According to the weekly disclosure of CFTC reports, it is reasonable to believe that the market is at its most pessimistic sentiment towards silver, since the weekly report available to the public in its current format in June 2007. As investments always swing from one extreme to another, it is just a matter of time before the sentiment in silver improves again.

By Samson Li

According to the CFTC reports disclosing positions of managed money on 3rd April, silver has been net short for the eighth consecutive week, the second longest streak in the last decade. The following is how the data stacked up:

Date              Silver Price          Managed Net Tonnes equivalent

13/02/2018     $16.61                                - 1,234

20/02/2018     $16.57                                - 1,622

27/02/2018     $16.61                                - 2,581

06/03/2018     $16.62                                 - 1,685

13/03/2018     $16.51                                 - 2,518

20/03/2018     $16.25                                 - 5,470

27/03/2018     $16.64                                 - 5,265

03/04/2018     $16.52                                 - 6,159

The longest streak of silver net short so far is nine weeks, in 2014:

Date              Silver Price              Managed Net Tonnes equivalent

16/09/2014       $18.75                                  - 709

23/09/2014       $17.92                                  - 761

30/09/2014       $17.11                                   - 944

07/10/2014       $17.36                                  - 1,100

14/10/2014        $17.50                                 - 1,413

21/10/2014        $17.36                                 - 1,343

28/10/2014        $17.18                                 - 1,605

04/11/2014        $16.12                                 - 958

11/11/2014        $15.57                                 - 308

Silver sentiment worst in a decade

While as of writing the current streak is still one week shy from the historical high, if one examines the tonnage of managed net positions, it is not difficult to realise that the difference between the short and long positions are at much wider margins in 2018 than in 2014 (larger net short positions). Indeed, at net short of 6,159 tonnes equivalent (as at 3rd April 2018) it is already the largest net short position reported so far since 2007. Therefore, it is not an overstatement to claim that currently the market sentiment on silver is at its worst in the last decade, for whatever reason.

On the other hand, the continuous increase of the gold to silver ratio, particularly since mid-2016, signals that silver has underperformed gold, or the market favours the latter. Indeed, the gold to silver ratio has recently breached above 80, the levels that last seen during the 2008s, when the global markets were crushed by the Global Financial Crisis (GFC). Even during that period, managed positions still remained in net long, suggesting how pessimistic that the current market sentiment has been on silver.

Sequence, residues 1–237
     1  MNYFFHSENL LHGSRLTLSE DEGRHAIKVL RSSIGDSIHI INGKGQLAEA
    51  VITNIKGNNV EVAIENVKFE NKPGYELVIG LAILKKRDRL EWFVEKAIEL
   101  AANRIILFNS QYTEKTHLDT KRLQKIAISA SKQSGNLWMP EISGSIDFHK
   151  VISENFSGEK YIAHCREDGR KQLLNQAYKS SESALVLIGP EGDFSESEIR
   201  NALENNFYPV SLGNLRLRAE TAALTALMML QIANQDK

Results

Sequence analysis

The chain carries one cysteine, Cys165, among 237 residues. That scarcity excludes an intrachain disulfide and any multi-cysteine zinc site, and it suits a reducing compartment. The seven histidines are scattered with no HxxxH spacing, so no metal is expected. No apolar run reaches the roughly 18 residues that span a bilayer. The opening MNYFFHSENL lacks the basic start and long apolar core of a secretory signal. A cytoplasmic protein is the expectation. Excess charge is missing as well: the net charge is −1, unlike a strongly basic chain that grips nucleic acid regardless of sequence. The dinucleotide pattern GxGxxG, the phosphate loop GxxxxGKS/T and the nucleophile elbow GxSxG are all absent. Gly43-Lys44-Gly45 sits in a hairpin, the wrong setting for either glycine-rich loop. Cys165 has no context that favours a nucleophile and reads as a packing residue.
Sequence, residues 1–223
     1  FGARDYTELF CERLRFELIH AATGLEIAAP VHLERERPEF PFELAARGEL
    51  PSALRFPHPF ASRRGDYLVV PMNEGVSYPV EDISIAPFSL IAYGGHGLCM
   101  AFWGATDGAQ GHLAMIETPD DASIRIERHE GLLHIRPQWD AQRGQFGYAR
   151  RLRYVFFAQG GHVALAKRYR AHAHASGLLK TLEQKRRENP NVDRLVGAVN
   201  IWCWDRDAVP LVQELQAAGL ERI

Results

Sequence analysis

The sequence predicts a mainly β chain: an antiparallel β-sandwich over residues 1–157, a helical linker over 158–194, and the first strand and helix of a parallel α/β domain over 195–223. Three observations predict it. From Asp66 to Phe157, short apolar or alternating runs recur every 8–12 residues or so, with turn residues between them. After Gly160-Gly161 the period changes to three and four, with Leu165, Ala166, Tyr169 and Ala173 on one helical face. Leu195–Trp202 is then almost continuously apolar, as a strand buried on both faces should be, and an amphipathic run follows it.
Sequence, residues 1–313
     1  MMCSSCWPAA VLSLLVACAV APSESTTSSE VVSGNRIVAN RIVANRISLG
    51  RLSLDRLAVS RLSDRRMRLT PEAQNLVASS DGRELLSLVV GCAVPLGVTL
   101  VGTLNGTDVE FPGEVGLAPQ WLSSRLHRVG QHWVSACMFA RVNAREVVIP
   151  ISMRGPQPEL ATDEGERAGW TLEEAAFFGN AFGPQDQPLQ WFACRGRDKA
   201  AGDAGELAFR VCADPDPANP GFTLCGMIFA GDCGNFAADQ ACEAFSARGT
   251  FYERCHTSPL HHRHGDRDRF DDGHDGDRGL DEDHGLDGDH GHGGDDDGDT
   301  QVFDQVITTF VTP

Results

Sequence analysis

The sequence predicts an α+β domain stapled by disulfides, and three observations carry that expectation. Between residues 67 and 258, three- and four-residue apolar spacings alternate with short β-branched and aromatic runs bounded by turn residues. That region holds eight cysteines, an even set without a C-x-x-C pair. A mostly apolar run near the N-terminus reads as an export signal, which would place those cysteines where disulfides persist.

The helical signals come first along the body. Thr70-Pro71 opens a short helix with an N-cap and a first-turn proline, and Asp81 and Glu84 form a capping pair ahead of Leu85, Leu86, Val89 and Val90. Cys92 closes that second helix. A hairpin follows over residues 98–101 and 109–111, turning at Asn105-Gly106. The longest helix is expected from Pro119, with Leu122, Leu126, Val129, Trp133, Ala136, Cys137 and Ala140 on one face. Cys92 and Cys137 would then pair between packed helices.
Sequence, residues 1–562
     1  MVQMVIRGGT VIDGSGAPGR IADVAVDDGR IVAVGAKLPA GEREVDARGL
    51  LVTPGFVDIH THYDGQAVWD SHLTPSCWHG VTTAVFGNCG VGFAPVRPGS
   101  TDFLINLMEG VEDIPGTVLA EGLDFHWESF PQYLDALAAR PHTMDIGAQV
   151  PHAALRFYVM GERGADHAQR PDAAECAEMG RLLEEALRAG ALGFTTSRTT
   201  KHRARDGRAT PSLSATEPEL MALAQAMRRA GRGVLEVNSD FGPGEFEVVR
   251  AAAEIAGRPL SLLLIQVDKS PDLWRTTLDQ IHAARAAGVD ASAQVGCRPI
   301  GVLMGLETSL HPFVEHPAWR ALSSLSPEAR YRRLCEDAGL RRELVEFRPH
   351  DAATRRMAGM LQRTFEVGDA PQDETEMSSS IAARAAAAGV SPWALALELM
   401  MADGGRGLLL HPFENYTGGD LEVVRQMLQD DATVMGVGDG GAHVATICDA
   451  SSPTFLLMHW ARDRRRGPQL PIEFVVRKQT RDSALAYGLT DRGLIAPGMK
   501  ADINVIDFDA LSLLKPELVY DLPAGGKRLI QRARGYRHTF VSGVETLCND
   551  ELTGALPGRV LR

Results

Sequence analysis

Chart: Gold to Silver ratio back to 2008 levels

During the 2014 streak, silver price fell from $18.75/oz to $15.57/oz in nine weeks. Naturally, net long positions climbed up steadily in the following months once the period of consecutive net shorts ended, and silver was trading between $15 and $18 in the next three months. Even as the silver price later drifting downwards again and eventually breaking below $15/oz in July 2015 (when another streak of seven consecutive weeks of net shorts began from 23rd June 2015 to 4th August 2015), this case still presented that profitable trading opportunities exist when market sentiment was at its extremes.

Of course, history rarely repeats itself in an exact fashion. For example, during this current streak, the silver price was fairly stable, dropping from $16.61/oz on the 13th February, to $16.52/oz on the 3rd April. This may suggest that, despite the pessimistic sentiment, silver is already towards its nadir, and in the longer run, in line with our fundamental analysis the primary direction will be up, as positions of either side will always be covered gradually. While there is no way to tell how long this current streak of net shorts will last (will most likely breaking the historical longest record in 2014 though), it does look as if a bottom may be forming. Short covering rallies in silver can be violent but, as discussed above the trading range while these latest shorts have developed has been relatively narrow. On an intraday basis the range has been just $16.10 to $16.63. So the next improvement in silver may be less dramatic than some, but it does look as if a bank of support is building between $16.00 and $16.65. We forecast silver to average $18.80 this year, building towards a target of just over $20.